As Beslan Mudranov walked into the Marimbas Yacht Club overlooking Copacabana beach the other day, he was met with hushed awe.
A dozen or so photographers, VIPs and fans respectfully followed as Russian Olympic Committee President Alexander Zhukov led the gold medalist judoka on a tour. This month, the luxury venue is rented out by the federation and renamed the Russia Fans House.
The walls were decorated with massive photographs of Russian synchronized swimmers, gymnasts, and fencers — some of the sports in which the country was allowed to compete.
There was no sign of track and field or weightlifting, events from which all Russian athletes were banned for what the World Anti-Doping Agency determined was years-long systematic and state-sponsored doping.
As athletes and dignitaries made their way to a VIP area near stage, Max Konovalov, one of many volunteers handling logistics, translation and other tasks, took a seat by himself and glanced at a menu.
"It's obviously wrong what has happened to us," he said in English. "It's sad."
"It's also obviously political. But what can we do? We keep cheering."
Mudranov, Russia's first medalist here, finally took the stage as a few dozen Russians on the patio and mezzanine chomped on Brazilian crab appetizers and Russian pelmeni dumplings.
"It's his family!" somebody shouted in Russian from the upstairs lounge. Sure enough, a large screen beamed in a Skype call from a few of Mudranov's relatives back home warmly expressing their pride.
Two less-than-enthusiastic teenagers stood in front of the stage slowly waving the Russian flag. As the national anthem started to play, a big-bellied middle-aged man instructed the few non-Russians to stand.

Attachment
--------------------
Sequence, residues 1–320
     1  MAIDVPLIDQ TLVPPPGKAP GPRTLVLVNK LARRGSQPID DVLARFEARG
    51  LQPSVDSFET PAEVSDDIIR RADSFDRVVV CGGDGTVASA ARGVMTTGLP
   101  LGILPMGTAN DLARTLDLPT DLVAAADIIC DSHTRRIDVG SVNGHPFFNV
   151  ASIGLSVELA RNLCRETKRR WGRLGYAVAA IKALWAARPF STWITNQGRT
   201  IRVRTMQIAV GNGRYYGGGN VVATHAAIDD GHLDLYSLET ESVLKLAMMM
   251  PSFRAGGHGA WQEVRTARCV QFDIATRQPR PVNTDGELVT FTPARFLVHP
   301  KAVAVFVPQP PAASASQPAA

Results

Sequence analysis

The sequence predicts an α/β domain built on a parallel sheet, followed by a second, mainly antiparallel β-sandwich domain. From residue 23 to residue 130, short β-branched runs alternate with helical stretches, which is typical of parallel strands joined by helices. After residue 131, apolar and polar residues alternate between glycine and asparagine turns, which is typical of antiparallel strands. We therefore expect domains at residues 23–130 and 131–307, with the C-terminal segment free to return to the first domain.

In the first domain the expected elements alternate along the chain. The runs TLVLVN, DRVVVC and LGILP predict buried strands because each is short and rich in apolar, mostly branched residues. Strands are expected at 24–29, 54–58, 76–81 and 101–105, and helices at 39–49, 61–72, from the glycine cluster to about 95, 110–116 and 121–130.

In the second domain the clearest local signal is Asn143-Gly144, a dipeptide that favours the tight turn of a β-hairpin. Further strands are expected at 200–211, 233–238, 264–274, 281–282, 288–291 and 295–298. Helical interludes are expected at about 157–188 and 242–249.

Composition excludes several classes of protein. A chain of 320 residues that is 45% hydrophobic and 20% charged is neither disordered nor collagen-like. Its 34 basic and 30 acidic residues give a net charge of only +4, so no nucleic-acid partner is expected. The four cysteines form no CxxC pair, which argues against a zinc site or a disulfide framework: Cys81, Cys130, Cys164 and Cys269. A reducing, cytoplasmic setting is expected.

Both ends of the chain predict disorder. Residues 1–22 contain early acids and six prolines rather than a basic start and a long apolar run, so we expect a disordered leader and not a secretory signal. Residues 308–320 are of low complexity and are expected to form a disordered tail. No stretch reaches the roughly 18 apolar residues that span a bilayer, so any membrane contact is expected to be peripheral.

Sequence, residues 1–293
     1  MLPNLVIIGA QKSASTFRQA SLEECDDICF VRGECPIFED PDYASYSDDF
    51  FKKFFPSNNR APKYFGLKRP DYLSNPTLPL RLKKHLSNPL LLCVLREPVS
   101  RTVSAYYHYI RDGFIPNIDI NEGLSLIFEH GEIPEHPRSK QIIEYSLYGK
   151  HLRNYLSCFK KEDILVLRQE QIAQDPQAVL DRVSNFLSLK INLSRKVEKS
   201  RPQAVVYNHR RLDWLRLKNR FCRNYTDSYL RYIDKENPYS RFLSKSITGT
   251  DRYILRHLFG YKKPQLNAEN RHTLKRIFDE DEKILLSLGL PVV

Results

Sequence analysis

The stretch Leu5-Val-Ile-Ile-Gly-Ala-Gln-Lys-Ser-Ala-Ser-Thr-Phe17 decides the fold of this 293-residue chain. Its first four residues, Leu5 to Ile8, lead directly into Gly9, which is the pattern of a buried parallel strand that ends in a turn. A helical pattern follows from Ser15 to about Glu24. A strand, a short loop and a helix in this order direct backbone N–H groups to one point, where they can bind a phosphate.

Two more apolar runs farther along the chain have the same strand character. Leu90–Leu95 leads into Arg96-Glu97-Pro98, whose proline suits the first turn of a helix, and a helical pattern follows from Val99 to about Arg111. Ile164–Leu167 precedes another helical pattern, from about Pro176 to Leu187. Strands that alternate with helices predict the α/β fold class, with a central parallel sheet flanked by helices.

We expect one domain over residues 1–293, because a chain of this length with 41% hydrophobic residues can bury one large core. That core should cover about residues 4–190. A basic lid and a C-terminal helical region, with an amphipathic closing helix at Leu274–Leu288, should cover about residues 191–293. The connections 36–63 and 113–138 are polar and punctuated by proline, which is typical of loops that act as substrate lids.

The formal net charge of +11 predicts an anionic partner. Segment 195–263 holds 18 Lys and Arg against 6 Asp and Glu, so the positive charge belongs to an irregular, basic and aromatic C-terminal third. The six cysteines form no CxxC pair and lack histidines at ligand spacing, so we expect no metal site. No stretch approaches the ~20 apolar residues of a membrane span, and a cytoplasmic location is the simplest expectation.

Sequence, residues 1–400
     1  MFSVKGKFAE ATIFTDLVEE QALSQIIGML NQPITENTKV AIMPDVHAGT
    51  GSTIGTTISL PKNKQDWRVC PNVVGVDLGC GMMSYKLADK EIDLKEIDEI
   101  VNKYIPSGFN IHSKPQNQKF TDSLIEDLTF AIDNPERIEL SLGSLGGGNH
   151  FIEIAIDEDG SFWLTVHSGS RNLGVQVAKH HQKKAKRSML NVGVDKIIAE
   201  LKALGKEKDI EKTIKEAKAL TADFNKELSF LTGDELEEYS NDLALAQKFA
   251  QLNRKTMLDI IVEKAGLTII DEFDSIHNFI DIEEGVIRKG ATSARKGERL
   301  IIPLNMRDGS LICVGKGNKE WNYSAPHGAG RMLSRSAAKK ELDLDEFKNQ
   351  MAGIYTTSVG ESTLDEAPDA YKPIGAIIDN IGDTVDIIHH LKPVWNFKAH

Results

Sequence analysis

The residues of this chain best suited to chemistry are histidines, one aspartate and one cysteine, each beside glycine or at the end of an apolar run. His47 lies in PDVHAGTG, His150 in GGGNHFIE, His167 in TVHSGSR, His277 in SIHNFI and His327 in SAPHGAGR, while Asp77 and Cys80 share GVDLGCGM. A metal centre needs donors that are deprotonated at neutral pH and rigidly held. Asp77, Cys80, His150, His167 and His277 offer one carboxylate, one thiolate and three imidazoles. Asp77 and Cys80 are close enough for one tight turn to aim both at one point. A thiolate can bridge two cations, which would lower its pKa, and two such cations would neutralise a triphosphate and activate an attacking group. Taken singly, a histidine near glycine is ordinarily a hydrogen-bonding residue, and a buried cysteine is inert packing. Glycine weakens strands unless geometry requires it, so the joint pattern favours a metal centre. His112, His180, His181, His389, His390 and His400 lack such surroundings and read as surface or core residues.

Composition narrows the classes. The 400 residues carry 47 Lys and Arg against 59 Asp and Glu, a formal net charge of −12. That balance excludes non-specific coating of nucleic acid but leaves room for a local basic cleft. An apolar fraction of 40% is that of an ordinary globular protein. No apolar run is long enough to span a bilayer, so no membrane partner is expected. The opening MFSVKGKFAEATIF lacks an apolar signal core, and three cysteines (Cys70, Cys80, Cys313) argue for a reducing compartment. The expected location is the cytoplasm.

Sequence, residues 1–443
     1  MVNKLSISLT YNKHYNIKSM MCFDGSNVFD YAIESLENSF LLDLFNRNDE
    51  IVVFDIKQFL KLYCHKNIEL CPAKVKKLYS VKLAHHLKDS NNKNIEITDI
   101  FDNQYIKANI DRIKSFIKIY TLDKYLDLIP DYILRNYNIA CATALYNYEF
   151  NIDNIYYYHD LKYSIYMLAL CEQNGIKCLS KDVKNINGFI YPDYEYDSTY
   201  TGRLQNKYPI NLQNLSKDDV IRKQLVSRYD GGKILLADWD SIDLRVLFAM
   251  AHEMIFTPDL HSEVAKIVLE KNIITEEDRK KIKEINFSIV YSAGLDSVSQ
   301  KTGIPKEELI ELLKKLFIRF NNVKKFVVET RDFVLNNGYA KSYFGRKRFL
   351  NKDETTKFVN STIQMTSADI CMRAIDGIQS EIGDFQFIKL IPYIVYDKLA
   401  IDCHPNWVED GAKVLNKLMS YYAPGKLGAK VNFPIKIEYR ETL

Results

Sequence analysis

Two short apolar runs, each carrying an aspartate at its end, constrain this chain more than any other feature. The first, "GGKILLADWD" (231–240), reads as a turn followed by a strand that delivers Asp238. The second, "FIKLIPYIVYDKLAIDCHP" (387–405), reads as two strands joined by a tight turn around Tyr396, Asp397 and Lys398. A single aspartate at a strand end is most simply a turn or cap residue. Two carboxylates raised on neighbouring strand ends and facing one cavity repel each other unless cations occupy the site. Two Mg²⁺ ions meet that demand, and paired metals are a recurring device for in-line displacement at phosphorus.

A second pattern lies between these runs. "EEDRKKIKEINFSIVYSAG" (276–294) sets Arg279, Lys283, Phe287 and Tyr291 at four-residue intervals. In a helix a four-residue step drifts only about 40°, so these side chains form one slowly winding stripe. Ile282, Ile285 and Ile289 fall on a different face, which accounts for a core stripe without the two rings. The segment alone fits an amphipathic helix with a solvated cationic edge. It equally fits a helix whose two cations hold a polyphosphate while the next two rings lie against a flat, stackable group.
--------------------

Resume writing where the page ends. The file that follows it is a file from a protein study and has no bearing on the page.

"Be glorious, our country!" the crowd belted out. "We are proud of you! From the southern seas to the polar lands."
Mudranov awkwardly addressed what many of his countrymen were grumbling about. "Everyone knows what kind of situation there was," he said. "None of us has broken down as a result of this."
After the International Olympic Committee announced the sports from which Russian athletes would be banned, it wasn't clear the country would win any medals.
The decision cut the number of Russian athletes competing here from 389 to 271. Even the victories — as of late Wednesday afternoon, Russia had collected 13 medals — seemed strange given the situation.
Among the crowd at Russia Fans House, it was impossible to find anybody who thought that geopolitics hadn't played some role in the bans or that Russian athletes had been treated fairly.
"Would this happen to American athletes?" said Nadia Levina, an accountant from Moscow. "That they'd deny a young kid the right to compete even if there was no proof against that individual? Never."
"Lots of athletes in the U.S. dope," she said. "It's not fair."
Russia's revenge would come in the form of medals in the sports not affected by bans, she added.
The next day, the Russian women's archery team earned cheers from the crowd with each bull's-eye and won a silver medal. The South Koreans, who have dominated the event for decades, took the gold.
After the medal ceremony, an American journalist approached one of the Russian archers, 20-year-old Tuyana Dashidorzhieva, with a question: How did she feel about the ban?
The interpreter prefaced it with an apology: "Excuse us, but the question is of course about doping and the scandal."
Dashidorzhieva paused, then criticized the ban and how Olympic officials had waited so long to reach a decision: "Of course we can't agree with the decision. We were in a very uncertain condition, training every day but not knowing if we would actually come. Dangling in the air."
She said she was especially angry that all Russian Paralympic athletes were banned, regardless of individual test results.
"We do think politics has something to do with it somehow," she said, "but I would rather not comment on that part."
But a group of Russians looking for a party not far from Russia Fans House didn't hold back.
"This is about Putin and Ukraine, and it's about the West's attitude to Russia," said 28-year-old Vladimir Suvorov, who grew up in Canada. "There are sanctions against Russia, and this is another one. It's a way to bring Russia down."
Bevins is a special correspondent.
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